Williams: I had already starred in several films by the end of my run with Grease. One of them was a film called Deadly Hero, which was the first film that James Earl Jones and I did together. I didn’t have any scenes with Jimmy, but we worked together later on Everwood. That was my first real film role. I played a young cop and I was just so excited to be in front of the camera. After that, I went to London to do a play that Rita Moreno, Jack Weston, and Jerry Stiller were starring in called The Ritz. We also did a film version with Richard Lester, who directed the Beatles movies and some other very, very good films. While I was there, I met the director John Sturges, and ended up playing a nice little part in The Eagle Has Landed with Michael Caine. I already knew how to act by then, but I started learning what it was like to be on a movie set. Michael Caine was really a wonderful role model. He didn’t mentor me directly, but he mentored me by just doing what he did and letting me watch and learn from him. After The Eagle Has Landed wrapped, I was told to go to Los Angeles, and I was out there for six months. I was miserable there. I went to my agent’s office and I said, “I can’t do this. I don’t want to drive around this big city waiting in rooms for an hour and a half – just to go in and try and prove that I’m good at something I already know I’m pretty good at.” I didn’t like auditioning, so I went home to take some time away from it. Just as I was getting home, the lead actor in Grease broke his leg, so I went back into Grease again. Not long after that, I found out that they were auditioning people for the film version of Hair. That was a very difficult and long four or five-month period of proving to them that I was the right guy for the role. (Source:www.vtmag.com)

Williams: I had already starred in several films by the end of my run with Grease. One of them was a film called Deadly Hero, which was the first film that James Earl Jones and I did together. I didn’t have any scenes with Jimmy, but we worked together later on Everwood. That was my first real film role. I played a young cop and I was just so excited to be in front of the camera. After that, I went to London to do a play that Rita Moreno, Jack Weston, and Jerry Stiller were starring in called The Ritz. We also did a film version with Richard Lester, who directed the Beatles movies and some other very, very good films. While I was there, I met the director John Sturges, and ended up playing a nice little part in The Eagle Has Landed with Michael Caine. I already knew how to act by then, but I started learning what it was like to be on a movie set. Michael Caine was really a wonderful role model. He didn’t mentor me directly, but he mentored me by just doing what he did and letting me watch and learn from him. After The Eagle Has Landed wrapped, I was told to go to Los Angeles, and I was out there for six months. I was miserable there. I went to my agent’s office and I said, “I can’t do this. I don’t want to drive around this big city waiting in rooms for an hour and a half – just to go in and try and prove that I’m good at something I already know I’m pretty good at.” I didn’t like auditioning, so I went home to take some time away from it. Just as I was getting home, the lead actor in Grease broke his leg, so I went back into Grease again. Not long after that, I found out that they were auditioning people for the film version of Hair. That was a very difficult and long four or five-month period of proving to them that I was the right guy for the role. (Source: www.vtmag.com)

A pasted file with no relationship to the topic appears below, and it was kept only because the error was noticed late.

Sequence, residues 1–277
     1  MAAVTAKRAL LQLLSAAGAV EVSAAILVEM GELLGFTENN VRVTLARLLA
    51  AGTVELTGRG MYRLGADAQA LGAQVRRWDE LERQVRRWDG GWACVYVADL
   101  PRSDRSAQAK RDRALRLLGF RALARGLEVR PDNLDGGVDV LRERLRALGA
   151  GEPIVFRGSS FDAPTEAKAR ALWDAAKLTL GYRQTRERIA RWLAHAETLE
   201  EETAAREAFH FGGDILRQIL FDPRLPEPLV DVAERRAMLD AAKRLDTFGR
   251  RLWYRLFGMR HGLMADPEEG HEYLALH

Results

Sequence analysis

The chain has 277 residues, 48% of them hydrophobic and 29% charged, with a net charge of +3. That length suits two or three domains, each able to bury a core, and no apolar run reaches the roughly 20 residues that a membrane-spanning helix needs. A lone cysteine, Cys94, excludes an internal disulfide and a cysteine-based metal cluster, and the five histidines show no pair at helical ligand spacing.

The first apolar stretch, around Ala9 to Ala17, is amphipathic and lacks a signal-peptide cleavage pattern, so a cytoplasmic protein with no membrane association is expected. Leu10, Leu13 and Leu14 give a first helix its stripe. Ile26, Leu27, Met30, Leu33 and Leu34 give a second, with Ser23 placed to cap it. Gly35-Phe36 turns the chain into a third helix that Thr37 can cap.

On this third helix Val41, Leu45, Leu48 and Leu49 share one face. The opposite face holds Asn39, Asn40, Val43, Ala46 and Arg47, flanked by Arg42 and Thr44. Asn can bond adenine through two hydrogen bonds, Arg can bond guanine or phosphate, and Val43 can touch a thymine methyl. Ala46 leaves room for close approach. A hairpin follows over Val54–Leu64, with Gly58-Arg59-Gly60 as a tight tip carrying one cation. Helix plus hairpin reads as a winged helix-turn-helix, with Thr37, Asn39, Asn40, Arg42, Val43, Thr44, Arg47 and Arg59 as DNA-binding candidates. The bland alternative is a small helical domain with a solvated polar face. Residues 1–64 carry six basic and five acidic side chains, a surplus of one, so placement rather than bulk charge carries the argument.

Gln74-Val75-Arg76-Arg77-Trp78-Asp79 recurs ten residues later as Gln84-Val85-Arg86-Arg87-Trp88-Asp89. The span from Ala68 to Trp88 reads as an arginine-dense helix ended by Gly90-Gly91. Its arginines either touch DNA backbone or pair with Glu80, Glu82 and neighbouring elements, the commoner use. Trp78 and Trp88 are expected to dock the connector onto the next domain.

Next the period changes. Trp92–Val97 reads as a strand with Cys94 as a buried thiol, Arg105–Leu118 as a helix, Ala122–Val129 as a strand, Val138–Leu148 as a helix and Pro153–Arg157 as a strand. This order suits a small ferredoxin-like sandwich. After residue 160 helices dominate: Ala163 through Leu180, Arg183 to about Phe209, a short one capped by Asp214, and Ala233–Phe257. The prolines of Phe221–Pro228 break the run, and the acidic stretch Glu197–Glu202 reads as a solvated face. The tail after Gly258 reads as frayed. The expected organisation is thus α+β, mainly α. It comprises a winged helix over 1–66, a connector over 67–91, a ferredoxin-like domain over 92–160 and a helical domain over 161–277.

Williams: I think if you forget you’ve done those other things, you can get frustrated in certain roles. I like to think I’ve already proven myself on the “crazy meter” and the “dramatic meter” with Prince of the City or with Hair. If you’ve done those roles where you’ve gone the distance, why not just relax and know that you have the chance to do a two-page scene every third day. I like to demonstrate a sense of fun and leadership on the set when I’m there. The crew always seems happy when I walk in and say good morning to everybody. We have a lot of fun making whatever we make. I love my job on Hallmark. There’s a reason people binge-watch Hallmark. They don’t have to feel bad. They can feel good for two hours, and they can forget their troubles. There is a place for that, I think, particularly right now in this world. (Source: www.vtmag.com Williams: I didn’t know him personally, but he called me up after he saw the movie. He said, “I don’t know if this is self-serving, but I wanted to tell you something. I thought you were very good in the film, but there are two things I do have a problem with: first, I never wear white suits. Second, you have nicer hair than I do.” I said, “Well, I apologize for both, but I can’t help the second thing you mentioned.” That was the last time we talked, but I saw him once again in a restaurant, and he sent me a Mickey Mouse watch because he was working for Disney at the time that the film was released. (Source:www.vtmag.com))